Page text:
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Re: Font naming rears its ugly head again

Pierre MacKay writes:

>The values for spacing are apparently fixed for stretch and shrink, but the
>basic space is taken from the width of the space character in the afm file.

Hmm... goes and investigates...

It turns out that afm2tfm only uses the width of the space character
when the space character is part of the output encoding.  So if I say

   afm2tfm lbr -O -T adobe.enc -v lbr0.vpl
   afm2tfm lbr -O -T T1ulc.enc -v lbrq.vpl

then the Adobe-encoded (with a space characrter) lbr0.vpl has 

   (SPACE D 304)
   (STRETCH D 200)
   (SHRINK D 100)

and the Cork-encoded (without a space character) lbrq.vpl has:

   (SPACE D 500)
   (STRETCH D 200)
   (SHRINK D 100)

Ah, this explains why I've been getting such loose setting from
afm2tfm, since I've been using an output encoding which doesn't have a
space glyph.  For reference, the default values produced by fontinst
would be (in points):

   (SPACE R 3.04)
   (STRETCH R 1.01)
   (SHRINK R 1.01)

These values haven't been extensively road-tested yet, and I may need
to loosen up a bit to avoid overfull boxes everywhere.  We shall see.

I chose these values after Richard Southall's talk at Aston, where he
pointed out plain TeX's love of white space, and the resulting visual

>That will be a great addition, although I suspect that kerning is 
>becoming a dangerous mania.  

Indeed... but you have to do something with kerning for non-US glyphs.
I suspect what I'll do is fake the kerning for uppercase composites
and lowercase composites with ascenders, but not the kerning for
lowercase composites without ascenders, in order to avoid a collision
with things like <T><oacute>.  It's a hack, but what can you do...

>If you make up a special figure-dash you are certainly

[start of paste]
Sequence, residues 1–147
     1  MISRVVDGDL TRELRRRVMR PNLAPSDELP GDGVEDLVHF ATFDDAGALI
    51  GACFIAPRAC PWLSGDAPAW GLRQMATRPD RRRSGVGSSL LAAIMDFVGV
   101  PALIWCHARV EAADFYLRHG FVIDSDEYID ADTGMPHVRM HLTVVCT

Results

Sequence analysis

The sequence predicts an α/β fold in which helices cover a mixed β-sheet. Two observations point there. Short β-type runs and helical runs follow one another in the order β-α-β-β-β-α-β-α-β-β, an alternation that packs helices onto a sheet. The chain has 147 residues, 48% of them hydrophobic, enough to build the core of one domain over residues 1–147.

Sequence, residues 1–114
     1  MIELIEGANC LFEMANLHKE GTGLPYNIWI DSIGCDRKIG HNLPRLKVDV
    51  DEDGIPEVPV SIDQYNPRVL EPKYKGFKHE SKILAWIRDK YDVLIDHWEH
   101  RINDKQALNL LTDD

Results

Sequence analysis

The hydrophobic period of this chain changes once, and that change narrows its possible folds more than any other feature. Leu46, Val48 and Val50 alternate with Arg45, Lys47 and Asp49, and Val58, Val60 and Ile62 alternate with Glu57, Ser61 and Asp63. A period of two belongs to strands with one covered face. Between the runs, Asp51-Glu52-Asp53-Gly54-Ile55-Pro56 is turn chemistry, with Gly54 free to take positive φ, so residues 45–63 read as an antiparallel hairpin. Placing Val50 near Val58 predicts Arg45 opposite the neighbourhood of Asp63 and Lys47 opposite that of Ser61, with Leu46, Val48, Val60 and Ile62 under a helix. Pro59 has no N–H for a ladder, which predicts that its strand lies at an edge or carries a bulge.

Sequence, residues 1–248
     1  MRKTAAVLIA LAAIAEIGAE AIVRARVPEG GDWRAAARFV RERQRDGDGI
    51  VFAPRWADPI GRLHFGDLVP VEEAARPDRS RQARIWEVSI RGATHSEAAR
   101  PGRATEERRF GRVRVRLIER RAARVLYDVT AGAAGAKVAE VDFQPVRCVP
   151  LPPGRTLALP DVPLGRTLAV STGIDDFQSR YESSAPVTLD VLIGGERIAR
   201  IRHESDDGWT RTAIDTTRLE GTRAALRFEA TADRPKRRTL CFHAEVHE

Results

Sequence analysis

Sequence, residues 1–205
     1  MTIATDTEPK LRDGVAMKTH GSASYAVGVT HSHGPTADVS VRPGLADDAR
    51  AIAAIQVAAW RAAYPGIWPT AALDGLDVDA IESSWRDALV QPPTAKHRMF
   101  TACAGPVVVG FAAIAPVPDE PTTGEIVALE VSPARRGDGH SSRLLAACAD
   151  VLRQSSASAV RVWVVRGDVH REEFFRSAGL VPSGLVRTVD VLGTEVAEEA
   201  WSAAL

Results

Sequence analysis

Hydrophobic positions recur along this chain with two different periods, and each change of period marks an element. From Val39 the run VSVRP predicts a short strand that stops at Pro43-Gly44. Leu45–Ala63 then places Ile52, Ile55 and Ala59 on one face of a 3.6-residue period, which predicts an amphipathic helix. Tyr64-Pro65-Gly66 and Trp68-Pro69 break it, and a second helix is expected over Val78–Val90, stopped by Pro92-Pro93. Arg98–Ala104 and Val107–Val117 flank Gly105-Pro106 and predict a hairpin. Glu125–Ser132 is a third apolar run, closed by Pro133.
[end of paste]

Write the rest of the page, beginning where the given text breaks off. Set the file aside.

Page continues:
>adding more finesse than the commercial fonts I have seen.

Sorry, I should have been clearer about this!  There's been some
discussion on the DC list about whether monowidth fonts should include
-- and --- ligatures.  The current proposal is that -- should ligature
to a number-range dash and --- should ligature to a puncutation dash.
In many monowidth fonts, the number-range dash will look just like
<hyphen> and the puncutation dash will look just like
<hyphen><hyphen>.  This conforms to UK typing of correspondence... 

I've asked Rainer Schoepf about this, and we hacked out some code for
verbatim mode which switches off this ligaturing, so -- in verbatim
will still produce <hyphen><hyphen>.  Modulo bug-testing, this will
probably be in LaTeX2e.

>I think you may have real trouble automating accent positioning.  

Indeed!  Most of the accents can be approximated automatically---the
results won't be excellent, but they'll be passable.  But there are
some composite glyphs in the Cork encoding that just can't be faked,

   <Aogonek> <Eogonek> <Lacute> <Lcaron>
   <aogonek> <dcaron>  <lcaron> <tcaron> 

Unfortunately, optimizing the last three also changes the tfm file,
drat and bah humbug.  Really there's no way to get accent positioning
right without human intervention.

Part of the idea behind the fontinst package (this is turning into an
advert :-) sorry!) is to make hand-tweaking simpler, since the
fontinst package allows for (almost) every part of the VPL file it
generates to be over-ridden by the user.  So rather than hand-editing
the VPL file, you just produce a file containing the tweaks, for example:

   \setglyph{Lacute} \topaccent{L}{acute}{123} \endsetglyph
   \setglyph{lcaron} \glyph{l} \movert{-96} \glyph{quoteright} \endsetglyph

then you run the fontinst package a few times to get the numbers just
right, and hey presto, a tweaked font without any hand-editing of VPL
files.  The fontinst package even generates a font table, so you can
even tweak the font without having to run vptovf!

This does produce yet another problem with font naming, of course, as
you now have a parameter for whether the font has been tweaked or not.
And of course, there may be different tweakings of the same font...

Oh if only all AFM files had CC instructions for all the Cork
composite glyphs, life would be so much simpler...